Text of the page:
A beginner's guide to FAFSA
The FAFSA is used by schools to put together your financial aid package, which can include grants, work-study, federal student loans, and even state and school financial aid.
Submit your FAFSA as soon as possible. Applications can be submitted starting October 1 at FAFSA.gov.
- Apply every year. You need to fill out the FAFSA for each award year you are or plan to be a student.
- Be on time. Aid is awarded on a first-come, first-served basis, so know your deadlines and apply as early as you can to maximize your financial aid.
- Think local. College and state financial aid deadlines vary by state, and can be as early as February or March of your senior year of high school.
The Beginner’s Guide to FAFSA
How to complete the FAFSA
Step 1: Gather all the information you'll need.
- Your drivers' license and Social Security number
- Your parents' Social Security numbers and birthdates
- Your family’s latest federal income tax returns
For example: If you're applying for financial aid for AY 2017-18, you'll use your 2015 tax return.
- W-2 forms
- Bank statements
- Information on your family's investments
Step 2: Bookmark FAFSA.gov.
- This is where you get your Federal Student Aid (FSA) ID and submit the FAFSA.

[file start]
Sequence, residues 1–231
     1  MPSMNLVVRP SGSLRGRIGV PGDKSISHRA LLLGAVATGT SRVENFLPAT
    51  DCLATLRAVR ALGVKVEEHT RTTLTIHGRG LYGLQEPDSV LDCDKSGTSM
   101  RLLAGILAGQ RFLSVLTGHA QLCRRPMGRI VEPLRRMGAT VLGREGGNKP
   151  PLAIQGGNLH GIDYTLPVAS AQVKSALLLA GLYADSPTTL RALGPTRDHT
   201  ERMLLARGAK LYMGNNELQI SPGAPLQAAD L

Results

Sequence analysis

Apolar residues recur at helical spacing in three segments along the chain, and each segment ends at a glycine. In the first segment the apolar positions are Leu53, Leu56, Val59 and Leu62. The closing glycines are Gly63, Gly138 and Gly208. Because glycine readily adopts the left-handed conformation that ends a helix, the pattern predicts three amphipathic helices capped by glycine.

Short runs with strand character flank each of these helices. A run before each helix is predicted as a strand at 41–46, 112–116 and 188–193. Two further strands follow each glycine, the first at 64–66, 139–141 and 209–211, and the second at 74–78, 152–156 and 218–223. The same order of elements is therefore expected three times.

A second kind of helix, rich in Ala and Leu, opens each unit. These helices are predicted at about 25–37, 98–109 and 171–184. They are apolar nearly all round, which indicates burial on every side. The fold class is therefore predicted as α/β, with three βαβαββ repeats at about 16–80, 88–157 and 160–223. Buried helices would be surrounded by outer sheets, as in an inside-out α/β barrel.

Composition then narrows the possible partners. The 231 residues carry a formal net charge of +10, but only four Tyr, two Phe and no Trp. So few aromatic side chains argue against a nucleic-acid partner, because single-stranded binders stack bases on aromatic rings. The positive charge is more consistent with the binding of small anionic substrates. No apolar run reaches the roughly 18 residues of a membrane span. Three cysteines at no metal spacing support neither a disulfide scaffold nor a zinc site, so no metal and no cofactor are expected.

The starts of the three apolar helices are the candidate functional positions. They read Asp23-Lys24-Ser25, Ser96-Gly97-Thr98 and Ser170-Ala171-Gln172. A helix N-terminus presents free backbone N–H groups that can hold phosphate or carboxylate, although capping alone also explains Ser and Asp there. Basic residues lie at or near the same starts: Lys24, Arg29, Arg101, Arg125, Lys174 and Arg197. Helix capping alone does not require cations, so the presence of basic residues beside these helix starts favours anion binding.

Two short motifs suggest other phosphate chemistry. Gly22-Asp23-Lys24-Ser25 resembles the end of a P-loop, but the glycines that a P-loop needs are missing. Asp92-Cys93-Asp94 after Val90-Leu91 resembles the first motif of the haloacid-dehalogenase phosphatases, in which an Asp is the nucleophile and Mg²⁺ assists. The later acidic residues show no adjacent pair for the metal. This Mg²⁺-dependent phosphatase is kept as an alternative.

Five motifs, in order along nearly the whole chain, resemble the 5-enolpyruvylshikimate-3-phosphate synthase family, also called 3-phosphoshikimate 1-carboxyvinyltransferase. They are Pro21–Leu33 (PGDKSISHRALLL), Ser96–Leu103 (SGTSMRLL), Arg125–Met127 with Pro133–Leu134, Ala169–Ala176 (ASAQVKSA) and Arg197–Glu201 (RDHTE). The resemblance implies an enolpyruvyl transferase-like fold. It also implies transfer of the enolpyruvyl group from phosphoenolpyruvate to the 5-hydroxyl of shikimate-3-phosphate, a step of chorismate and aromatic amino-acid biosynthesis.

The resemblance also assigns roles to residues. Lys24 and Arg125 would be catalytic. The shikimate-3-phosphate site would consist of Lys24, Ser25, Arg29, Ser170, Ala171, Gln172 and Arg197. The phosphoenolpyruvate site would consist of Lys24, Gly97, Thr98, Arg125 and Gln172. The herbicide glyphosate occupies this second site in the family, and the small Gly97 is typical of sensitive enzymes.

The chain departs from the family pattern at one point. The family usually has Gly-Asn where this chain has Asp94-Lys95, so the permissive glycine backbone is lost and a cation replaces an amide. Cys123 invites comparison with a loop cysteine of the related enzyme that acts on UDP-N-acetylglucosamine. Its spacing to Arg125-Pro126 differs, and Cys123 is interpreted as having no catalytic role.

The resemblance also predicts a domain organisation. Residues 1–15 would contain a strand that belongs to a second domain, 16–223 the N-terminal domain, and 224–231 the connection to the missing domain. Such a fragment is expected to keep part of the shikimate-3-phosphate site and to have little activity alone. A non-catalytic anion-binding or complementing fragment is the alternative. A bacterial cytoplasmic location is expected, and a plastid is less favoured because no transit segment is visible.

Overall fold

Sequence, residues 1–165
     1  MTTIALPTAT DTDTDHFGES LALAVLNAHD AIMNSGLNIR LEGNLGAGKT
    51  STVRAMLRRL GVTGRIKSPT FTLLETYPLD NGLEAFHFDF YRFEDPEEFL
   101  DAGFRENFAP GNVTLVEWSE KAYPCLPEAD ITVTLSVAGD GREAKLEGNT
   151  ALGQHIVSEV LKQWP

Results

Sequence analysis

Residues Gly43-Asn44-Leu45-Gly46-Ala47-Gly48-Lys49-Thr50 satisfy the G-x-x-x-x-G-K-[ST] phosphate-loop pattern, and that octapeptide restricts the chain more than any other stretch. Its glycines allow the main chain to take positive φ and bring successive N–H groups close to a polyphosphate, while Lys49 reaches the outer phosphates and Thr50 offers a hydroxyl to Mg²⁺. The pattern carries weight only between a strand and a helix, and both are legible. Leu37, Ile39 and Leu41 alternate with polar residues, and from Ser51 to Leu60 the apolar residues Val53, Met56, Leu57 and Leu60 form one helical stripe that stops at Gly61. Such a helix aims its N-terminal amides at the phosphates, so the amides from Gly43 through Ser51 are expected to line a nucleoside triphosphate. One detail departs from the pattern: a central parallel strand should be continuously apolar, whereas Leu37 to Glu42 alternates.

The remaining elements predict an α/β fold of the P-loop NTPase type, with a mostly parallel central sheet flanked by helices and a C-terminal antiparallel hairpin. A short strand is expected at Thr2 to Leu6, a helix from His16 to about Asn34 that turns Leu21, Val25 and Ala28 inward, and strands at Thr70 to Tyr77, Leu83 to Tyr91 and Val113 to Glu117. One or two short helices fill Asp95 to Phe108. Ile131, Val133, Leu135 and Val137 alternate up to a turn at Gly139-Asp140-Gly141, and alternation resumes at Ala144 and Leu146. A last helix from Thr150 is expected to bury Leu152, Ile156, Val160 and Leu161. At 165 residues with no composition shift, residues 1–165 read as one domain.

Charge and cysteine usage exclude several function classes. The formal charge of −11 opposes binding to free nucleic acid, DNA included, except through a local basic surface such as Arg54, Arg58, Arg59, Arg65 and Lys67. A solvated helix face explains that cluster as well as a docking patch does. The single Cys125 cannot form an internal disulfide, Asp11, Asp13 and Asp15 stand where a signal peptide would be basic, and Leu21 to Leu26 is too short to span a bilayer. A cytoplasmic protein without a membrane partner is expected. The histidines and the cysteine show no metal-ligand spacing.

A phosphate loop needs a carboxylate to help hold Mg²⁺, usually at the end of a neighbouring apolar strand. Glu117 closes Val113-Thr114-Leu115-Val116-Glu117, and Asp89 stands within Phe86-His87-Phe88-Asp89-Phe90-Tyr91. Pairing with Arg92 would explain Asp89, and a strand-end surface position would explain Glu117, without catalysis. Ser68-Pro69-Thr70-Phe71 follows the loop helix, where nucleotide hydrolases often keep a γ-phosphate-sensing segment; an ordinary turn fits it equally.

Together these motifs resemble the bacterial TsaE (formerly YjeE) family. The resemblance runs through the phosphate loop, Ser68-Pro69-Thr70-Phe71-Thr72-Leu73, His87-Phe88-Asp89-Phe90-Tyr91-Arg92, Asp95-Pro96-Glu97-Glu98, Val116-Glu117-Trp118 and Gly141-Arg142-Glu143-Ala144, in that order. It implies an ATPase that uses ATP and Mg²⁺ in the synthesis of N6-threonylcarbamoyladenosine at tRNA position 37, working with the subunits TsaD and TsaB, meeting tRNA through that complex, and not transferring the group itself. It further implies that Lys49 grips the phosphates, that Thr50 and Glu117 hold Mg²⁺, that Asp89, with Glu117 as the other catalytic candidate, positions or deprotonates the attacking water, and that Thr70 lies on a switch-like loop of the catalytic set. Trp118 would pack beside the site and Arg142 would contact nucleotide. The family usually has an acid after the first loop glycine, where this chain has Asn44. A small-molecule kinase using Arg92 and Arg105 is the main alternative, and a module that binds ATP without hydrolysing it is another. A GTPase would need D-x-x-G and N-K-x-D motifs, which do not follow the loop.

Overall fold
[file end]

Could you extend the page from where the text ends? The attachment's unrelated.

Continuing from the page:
- Don't fall for scams. The only site you should use to fill out and submit your application is FAFSA.gov
- There's no charge for submitting the FAFSA.
- The site also has the most up-to-date information on upcoming changes.
Step 3: Submit your FAFSA.
- The easiest and fastest way is to file online with your FSA ID. Your application will be processed within 3-5 days.
- You can mail in a paper application, but the processing time will take about 7-10 days.
Financial aid myths busted
Myth: My family's income is too high to qualify for federal financial aid.
Fact: Student and family income isn’t the only factor that the government uses to decide if a student qualifies. The only way to know for sure is to fill out the FAFSA.
Myth: My family has money saved for college so we won't get any aid.
Fact: Savings might not be a major factor when a school decides if a student qualifies for federal Direct Unsubsidized loans. There are allowances for savings and assets.
Myth: My sibling wasn't eligible for much financial aid last year, so I won't be eligible when I enter college.
Fact: Actually, the number of family members in college might have a favorable impact on your financial aid eligibility.
Myth: I’m only attending college part-time, so I won't be eligible for financial aid.
Fact: Financial aid is available for part-time students. Talk to the financial aid offices of the colleges you’re interested in attending about aid for part-time students.